Let me make something clear: I greatly appreciate these lessons/seminar-talks/presentations - I don't keep saying it because specially during the first lesson too many people just posted praise and no other content - in fact some posts had, apart from praise, content which on careful reading showed they hadn't read the lecture! [reminded me of the 'first' and 'fourth' and 'easy' that one sees on dailypuzzle]

    Anyhow, I think I should put in my word of appreciation in public. [I already did so in private - almost at the start!]

    Great lectures.

    And - off-topic but not on-site and on-chess: I will go over the Bogart-Bacall game (annotated and posted by likesforests) - from Ms Bacall's point of view - to look at where she made strong moves and where she erred ... :)

    (This computerchess tourney at ficgs is tiring me out - it is of course not as simple as just let an engine run on a move... if it were there'd be no point playing...)

    So I am painstakingly storing these lectures by  copying text, pix, pgns, pgns etc - incl those in relevant responses - and arranging them [apart from 'save webpage' which only does part of the job of course] - one never knows when a good internet resource will disappear...

  • 6 years ago

    normajeanyates

    likesforests>but I often see players opening files without asking themselves whether they can control them and use them to penetrate into their opponent's position.

    Now that is excellently put. and I heartily agree. (IMO your previous phrasing gave the impression that putting a R on a (semi-)open file was no use unless it could reach the seventh. Now that advice would be wrong and dangerous to the weaker players...)

    [open files if and only if you can] "control [the (semi-)open] files and use them to penetrate into their opponent's position."

    That comes out really well, and is sound advice! <of course in chess for all general rules one can come up with have exceptions [1] - but this is an excellent general rule...>

    [1] "if you see a mate in 1 and verify that it is indeed mate in 1, deliver the mate." Possible exception to this general rule - um...how about opp. pointing gun at you, saying - "dying to win, eh?";) (But cant think of an exception to this on chess-grounds)

  • 6 years ago

    Hammers

    you give up your time for us thankyou well done

  • 6 years ago

    likesforests

    normajeanyates> Opening files - primary reason is to get to 7th - just like the object of chess is checkmate... true but as content-free as '2=2'.

    Maybe it's common sense, but I often see players opening files without asking themselves whether they can control them and use them to penetrate into their opponent's position. In fairness, the "Why" contains only one diagram and eight lines of text, compared to the "How" section which contains twelve diagrams and twenty-five lines of text.  ;)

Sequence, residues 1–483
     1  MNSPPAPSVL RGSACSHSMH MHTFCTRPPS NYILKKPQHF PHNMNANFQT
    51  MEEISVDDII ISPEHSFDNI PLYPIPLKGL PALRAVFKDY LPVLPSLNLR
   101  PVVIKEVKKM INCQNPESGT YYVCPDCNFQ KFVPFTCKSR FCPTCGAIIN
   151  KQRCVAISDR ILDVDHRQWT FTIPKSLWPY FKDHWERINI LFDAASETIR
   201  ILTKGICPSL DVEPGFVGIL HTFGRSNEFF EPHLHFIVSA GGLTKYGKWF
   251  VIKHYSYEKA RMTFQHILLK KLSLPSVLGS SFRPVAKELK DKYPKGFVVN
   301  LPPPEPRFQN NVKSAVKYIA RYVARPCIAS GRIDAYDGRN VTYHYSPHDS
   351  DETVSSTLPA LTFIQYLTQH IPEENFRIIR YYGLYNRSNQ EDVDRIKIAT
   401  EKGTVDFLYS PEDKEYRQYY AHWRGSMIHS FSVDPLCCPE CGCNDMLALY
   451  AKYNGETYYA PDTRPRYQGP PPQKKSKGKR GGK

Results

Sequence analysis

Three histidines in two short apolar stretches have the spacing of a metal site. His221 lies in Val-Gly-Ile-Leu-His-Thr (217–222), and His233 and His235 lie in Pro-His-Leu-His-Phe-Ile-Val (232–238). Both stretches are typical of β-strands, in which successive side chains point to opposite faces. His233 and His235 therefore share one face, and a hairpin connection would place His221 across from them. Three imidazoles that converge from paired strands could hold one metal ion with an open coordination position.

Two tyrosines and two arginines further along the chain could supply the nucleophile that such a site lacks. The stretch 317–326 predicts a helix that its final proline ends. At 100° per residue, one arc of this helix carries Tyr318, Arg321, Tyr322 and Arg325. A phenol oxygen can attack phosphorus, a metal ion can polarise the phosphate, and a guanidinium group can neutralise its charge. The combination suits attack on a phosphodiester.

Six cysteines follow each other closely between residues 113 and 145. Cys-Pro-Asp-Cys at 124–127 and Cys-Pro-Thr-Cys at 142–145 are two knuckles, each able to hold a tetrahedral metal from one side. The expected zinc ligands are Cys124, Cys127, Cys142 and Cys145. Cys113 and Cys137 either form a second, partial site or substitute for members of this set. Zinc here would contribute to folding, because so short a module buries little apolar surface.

normajeanyates> I think stress should be given to more-frequently-feasible-things one can do with Rs on semi-open files.

    Thanks for the honest feedback... I'll keep it in mind. We're only through about 25% of chapter two, and then there are the example games.

  • 6 years ago

    normajeanyates

    Opening files - primary reason is to get to 7th - just like the object of chess is checkmate - but I think stress should be given to more-frequently-feasible-things one can do with Rs on semi-open files. In a nutshell: you can move them along the file to suitable squares; and make plans that use this fact.

    see: 'GM shirov's first lecture' (i think thats what it is called) on fics lecturebot. (first and only, and it was Shirov wasn't it.) This topic is precisely what that lecture is all about (what to do with open and semi-open files).

    And hence I cannot agree with the following [though the maybe...even... fudge-factor makes it impossible to logically disagree but that interpretation taken rigorously would make it content-free too:]

    "The primary reason we put rooks on open files is because we want them to penetrate to the 7th rank. Achieving that is often worth a pawn. If that can't be achieved, then controlling the open file may even be completely worthless."

    The above is not true, or true but as content-free as '2=2'. Take your pick.

  • 6 years ago

    Dmaster995

    Nice.

  • 6 years ago

    KnightlyKing

    sorry now out of a sudden it showed up...sorry for the mistake..i got much benefit from this lesson..thank you!

  • 6 years ago